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Contempt Motion Filed after Pennsylvania Officials Refuse to Release Detainee

Officials at Pennsylvania’s York County Prison face a contempt motion filed by an attorney on behalf of a terminally ill pre-trial detainee. The motion claims the officials refused to comply with a court order for the prisoner’s release.

Thomas Nathan Redding, 33, traveled from California to Pennsylvania to visit his parents in June 2016, where he was charged with fleeing an attempted traffic stop. On June 23, 2017, Redding was arrested for an outstanding warrant on the 2016 case, which in turn led to a probation violation warrant in Maryland from a prior burglary conviction.

Redding’s attorney, Jay Whittle, petitioned the York County Common Pleas Court to release his client. The motion was based partly on health concerns, as Redding was in the terminal stages of pancreatic cancer. By July 2017, he had posted $100,000 bail on his new criminal charge, waived extradition to Maryland and had the detainer lifted.

York County Judge Harry Ness said that Redding’s continued incarceration in York County “sounds like unlawful imprisonment,” as there was no longer a legal basis to hold him. The judge entered an order requiring Redding’s “release forthwith,” stating he was to be placed on house arrest and GPS monitoring pending prosecution of the charge for fleeing a traffic stop. Redding still faced extradition to Maryland.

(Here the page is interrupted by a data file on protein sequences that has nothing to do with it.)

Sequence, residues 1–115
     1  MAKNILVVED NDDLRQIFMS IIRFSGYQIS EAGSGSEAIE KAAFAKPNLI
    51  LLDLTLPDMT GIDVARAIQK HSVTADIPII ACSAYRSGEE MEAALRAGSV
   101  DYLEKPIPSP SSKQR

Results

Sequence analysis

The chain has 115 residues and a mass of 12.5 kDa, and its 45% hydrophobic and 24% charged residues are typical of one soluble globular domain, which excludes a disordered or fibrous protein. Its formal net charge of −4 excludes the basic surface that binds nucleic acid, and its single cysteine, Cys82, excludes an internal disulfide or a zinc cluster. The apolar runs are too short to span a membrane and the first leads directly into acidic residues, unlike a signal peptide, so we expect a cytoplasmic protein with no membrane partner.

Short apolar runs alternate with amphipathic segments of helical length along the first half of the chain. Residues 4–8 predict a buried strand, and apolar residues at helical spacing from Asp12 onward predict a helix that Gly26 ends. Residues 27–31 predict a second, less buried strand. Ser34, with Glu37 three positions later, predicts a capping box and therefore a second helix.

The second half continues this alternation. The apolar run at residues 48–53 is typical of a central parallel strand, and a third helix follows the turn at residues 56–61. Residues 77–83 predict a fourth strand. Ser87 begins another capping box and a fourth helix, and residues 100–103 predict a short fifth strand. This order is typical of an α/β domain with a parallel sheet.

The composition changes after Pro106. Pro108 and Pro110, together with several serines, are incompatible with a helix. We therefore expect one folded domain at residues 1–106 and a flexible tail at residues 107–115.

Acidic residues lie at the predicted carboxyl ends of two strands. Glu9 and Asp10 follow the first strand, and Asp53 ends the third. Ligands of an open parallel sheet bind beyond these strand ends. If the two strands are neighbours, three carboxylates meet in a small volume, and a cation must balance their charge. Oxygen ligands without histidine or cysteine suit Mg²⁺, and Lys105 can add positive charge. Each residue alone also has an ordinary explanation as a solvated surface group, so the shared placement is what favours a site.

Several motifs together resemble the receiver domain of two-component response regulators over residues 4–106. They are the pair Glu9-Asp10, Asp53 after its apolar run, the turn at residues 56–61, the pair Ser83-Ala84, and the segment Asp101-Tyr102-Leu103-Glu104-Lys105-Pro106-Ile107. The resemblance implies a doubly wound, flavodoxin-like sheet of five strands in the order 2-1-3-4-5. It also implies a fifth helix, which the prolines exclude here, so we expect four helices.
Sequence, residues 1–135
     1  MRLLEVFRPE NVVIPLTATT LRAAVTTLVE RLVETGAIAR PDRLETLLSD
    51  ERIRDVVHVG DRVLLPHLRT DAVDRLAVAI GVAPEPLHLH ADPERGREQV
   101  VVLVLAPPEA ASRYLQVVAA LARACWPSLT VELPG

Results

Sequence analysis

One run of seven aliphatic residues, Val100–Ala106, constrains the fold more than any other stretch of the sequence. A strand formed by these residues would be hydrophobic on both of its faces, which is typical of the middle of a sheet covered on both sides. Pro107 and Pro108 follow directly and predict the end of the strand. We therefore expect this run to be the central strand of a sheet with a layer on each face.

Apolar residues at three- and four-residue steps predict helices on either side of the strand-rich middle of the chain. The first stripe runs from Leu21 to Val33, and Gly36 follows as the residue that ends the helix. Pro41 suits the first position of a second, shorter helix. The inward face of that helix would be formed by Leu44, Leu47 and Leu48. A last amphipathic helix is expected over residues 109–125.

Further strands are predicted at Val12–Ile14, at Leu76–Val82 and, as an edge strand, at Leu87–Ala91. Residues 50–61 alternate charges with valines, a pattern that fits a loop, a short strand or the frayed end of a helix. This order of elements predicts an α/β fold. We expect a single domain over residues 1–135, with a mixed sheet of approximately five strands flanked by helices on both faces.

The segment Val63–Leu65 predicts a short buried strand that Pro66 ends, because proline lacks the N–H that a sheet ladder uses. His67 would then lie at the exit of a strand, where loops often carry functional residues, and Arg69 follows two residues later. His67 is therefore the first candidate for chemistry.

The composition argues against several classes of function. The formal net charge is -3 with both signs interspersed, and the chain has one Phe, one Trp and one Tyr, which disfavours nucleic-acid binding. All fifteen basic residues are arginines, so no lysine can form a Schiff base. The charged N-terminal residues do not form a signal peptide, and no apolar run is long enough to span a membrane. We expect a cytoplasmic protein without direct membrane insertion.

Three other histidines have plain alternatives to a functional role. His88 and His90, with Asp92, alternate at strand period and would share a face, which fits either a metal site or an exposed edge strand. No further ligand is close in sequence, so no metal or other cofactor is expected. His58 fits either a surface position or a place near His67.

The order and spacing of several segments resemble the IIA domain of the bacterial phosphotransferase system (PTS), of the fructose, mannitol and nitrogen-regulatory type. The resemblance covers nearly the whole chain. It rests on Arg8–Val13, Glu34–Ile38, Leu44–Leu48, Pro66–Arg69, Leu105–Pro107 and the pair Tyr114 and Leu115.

According to Whittle’s contempt motion, York County Prison records officer Debbie Owens-Kilburn wrote in an e-mail to the probation department that Redding “will not be released to MD until the charges are satisfied in PA even with the bail posted.” The motion also claimed that probation officer Kim Hilt had “unlawfully refused to conduct an intake until [Redding’s] charges in Pennsylvania are disposed of, which if trial is sought, could be all of another year.”

“Every day they keep him in prison is a death sentence,” Whittle said.

It was not until 10 days after Redding waived extradition that the prison or probation office notified Maryland authorities of the waiver. Under Pennsylvania law, out-of-state authorities have 14 days to take physical custody of a prisoner or detainee who has waived extradition or been ordered extradited.

“The 14-day period commenced on July 7, 2017, not at the prison’s convenience,” the contempt motion stated. “Mr. Redding avers that the individuals involved, at least on his case, seem to operate on a schedule of their choosing and in clear violation of the law.”

Redding was subsequently extradited to Maryland and was expected to be released after answering to his probation violation. That, Whittle said, did not resolve the contempt motion. “Absolutely not,” he said, since prison officials “were still in violation” for failing to comply with Judge Ness’ order for Redding’s release. 


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